As for some quick prices. . .
- Broadway shows – tickets are “half theatre price” in London Center for around £22 per ticket.
- In comparison, a Chipotle Burrito costs about $8.75 in London.
- A student-priced movie ticket at Vue Theatre in Leicester Square costs about $16
- A buffet in China Town costs less than $9 at multiple spots
- Oyster Bus Card – 5 British Pounds but it’s refundable after use at any train station. It’s about $2 every time you enter a bus but free after your third ride. Quite expensive, but thus is London. The bus is the cheapest way to get around, however, because the Tube is more expensive.
- $3 for a cheap coffee in Pret A Manger which is London’s Starbucks
I was there for the Queen’s 90th birthday which called for an extra long and extravagant changing of the Buckingham Palace’s guards ceremony which was a treat I was unaware of until I found myself at the right place at the right time. Afterward, I took a snooze in front of the Palace and found it hard to believe I was napping in the Queen’s front yard.
From Buckingham Palace, I decided to make the walk to Tower Bridge which ended up being much further than anticipated. The walk took me right along the River Thames. That led me past Shakespeare’s Globe Theatre and the London Bridge – neither of which I was expecting to see.
Tower Bridge ended up being my favorite place in London. The bridge is surrounded by a unique architectural scene. I don’t think the drastic contrast of old and modern architecture can be illustrated better anywhere else in the world than the area near the Tower of London and Tower Bridge. The mix of castles and glass structures within the same viewfinder scope of a camera is incredible!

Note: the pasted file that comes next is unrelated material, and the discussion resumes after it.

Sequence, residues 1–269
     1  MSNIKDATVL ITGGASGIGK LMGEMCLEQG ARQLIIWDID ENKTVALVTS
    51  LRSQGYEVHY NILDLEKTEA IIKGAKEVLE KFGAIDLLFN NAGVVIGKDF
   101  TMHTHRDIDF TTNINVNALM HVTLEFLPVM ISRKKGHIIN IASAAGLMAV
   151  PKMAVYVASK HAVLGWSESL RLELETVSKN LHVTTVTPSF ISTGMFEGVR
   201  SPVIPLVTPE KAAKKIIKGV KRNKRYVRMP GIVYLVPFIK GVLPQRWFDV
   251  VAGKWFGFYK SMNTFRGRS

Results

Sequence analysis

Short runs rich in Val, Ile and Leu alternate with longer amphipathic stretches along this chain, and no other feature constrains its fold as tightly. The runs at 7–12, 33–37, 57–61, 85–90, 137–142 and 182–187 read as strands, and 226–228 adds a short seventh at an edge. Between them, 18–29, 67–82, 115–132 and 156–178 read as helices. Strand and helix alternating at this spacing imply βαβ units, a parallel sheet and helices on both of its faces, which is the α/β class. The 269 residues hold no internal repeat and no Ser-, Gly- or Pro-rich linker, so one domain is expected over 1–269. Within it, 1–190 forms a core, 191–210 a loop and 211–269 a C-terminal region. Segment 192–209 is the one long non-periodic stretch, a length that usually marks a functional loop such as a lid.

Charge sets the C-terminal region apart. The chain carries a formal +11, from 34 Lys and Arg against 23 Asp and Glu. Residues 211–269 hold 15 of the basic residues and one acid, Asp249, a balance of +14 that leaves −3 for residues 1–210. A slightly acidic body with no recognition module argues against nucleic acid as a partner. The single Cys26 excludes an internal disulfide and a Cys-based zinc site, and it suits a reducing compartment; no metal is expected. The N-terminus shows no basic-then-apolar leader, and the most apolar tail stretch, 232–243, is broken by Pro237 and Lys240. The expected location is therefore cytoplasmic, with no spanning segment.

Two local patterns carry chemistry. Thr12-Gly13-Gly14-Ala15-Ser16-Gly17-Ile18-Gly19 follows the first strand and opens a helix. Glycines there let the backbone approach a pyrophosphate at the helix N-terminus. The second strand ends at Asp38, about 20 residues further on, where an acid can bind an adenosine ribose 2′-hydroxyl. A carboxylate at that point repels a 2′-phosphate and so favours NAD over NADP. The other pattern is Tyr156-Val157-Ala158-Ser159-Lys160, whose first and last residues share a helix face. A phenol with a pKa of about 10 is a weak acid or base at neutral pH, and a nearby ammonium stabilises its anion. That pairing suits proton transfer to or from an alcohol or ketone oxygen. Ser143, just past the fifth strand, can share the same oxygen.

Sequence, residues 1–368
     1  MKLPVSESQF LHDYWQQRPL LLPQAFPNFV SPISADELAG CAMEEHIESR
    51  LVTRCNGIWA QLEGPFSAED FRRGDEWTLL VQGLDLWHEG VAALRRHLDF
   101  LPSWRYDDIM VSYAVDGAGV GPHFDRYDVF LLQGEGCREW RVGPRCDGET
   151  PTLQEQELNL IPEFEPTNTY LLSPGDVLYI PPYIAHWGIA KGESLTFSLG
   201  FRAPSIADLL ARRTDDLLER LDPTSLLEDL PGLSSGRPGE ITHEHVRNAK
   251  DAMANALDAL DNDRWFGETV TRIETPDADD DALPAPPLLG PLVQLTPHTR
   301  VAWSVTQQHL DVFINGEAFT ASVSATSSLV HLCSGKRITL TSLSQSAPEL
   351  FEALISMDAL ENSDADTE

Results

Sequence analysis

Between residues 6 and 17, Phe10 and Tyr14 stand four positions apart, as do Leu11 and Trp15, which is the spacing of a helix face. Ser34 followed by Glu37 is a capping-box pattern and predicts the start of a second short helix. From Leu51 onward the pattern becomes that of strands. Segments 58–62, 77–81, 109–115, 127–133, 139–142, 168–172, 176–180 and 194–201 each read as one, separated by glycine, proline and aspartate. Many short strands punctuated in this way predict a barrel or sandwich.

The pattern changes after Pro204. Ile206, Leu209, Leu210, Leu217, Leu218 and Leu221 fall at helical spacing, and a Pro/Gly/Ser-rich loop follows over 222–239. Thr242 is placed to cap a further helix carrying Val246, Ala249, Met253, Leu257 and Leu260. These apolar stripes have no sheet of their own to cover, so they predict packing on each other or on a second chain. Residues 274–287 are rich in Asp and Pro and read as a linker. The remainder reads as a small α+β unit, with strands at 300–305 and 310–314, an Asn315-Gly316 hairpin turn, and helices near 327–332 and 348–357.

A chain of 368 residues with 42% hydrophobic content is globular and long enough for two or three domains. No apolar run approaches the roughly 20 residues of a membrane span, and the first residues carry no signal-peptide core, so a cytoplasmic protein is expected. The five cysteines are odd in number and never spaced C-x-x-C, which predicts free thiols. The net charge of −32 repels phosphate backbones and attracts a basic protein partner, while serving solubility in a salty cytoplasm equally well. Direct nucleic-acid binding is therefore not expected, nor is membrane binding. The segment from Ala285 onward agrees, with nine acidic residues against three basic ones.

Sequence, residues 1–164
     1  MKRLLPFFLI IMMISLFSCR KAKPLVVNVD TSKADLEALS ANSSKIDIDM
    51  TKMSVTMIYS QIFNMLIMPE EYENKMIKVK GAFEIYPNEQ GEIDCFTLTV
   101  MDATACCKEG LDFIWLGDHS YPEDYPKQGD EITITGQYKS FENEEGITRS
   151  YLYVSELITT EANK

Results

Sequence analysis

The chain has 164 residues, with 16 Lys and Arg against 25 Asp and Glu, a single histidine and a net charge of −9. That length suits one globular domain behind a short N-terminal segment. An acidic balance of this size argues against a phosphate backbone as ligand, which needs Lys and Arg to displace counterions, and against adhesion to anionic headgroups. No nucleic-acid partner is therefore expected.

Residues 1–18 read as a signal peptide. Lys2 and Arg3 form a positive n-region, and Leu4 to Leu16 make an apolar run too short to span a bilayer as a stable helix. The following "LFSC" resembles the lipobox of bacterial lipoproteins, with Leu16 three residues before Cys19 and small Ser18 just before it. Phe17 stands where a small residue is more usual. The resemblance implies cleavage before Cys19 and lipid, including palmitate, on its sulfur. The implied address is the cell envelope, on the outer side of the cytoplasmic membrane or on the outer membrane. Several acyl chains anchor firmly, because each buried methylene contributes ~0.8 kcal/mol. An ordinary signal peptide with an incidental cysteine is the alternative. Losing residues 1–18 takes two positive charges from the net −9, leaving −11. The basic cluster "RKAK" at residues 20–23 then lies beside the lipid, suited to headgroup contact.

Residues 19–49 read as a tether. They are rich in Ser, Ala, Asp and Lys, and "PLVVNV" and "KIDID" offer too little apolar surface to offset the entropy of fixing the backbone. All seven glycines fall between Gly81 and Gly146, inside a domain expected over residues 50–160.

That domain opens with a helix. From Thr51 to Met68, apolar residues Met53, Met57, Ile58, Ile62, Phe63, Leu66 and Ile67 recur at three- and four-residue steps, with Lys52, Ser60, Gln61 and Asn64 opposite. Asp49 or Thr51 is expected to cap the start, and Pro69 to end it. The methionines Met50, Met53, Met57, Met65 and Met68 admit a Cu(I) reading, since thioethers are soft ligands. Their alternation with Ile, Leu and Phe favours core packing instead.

On the way the station to catch my ride to Edinburgh, I stopped at Ye Olde Cheshire Cheese Pub. My tour guide earlier in the day was adamant about stopping in. Upon entering, a group was just exiting and I couldn’t help but laugh out loud as one of them drunkenly proclaimed, “Bloody hell, it’s still daylight out!”. . . it was 4 o’clock in the afternoon. I guess the bartender was doing something right that day.
Upon many other observations that would take up far too much of your time reading (as if this post hasn’t already), this was my first taste of London.
Quickly, here are some other things you should check out while you’re there:
- London Eye – It’s impossible to miss this enormous riverside Ferris wheel. However, I was perfectly fine saving money by not riding it.
- Westminster Abbey – You can avoid the admission cost by attending a free daily service.
- Big Ben – you know, Big Ben? That iconic British clocktower? Don’t worry, you won’t miss it.
- Palace of Westminster – it’s right next to Big Ben, but was under construction while I was in London.
- Kensington Palace – current home of the Prince.
- Hyde Park – London’s version of “Central Park”
- Piccadilly Circus – round about plus public space that is always buzzing, especially at night.
Among so many other unforgettable and beautiful sights, this is London. It’s hectic. It’s hard to budget. But it’s London. It’s a European must.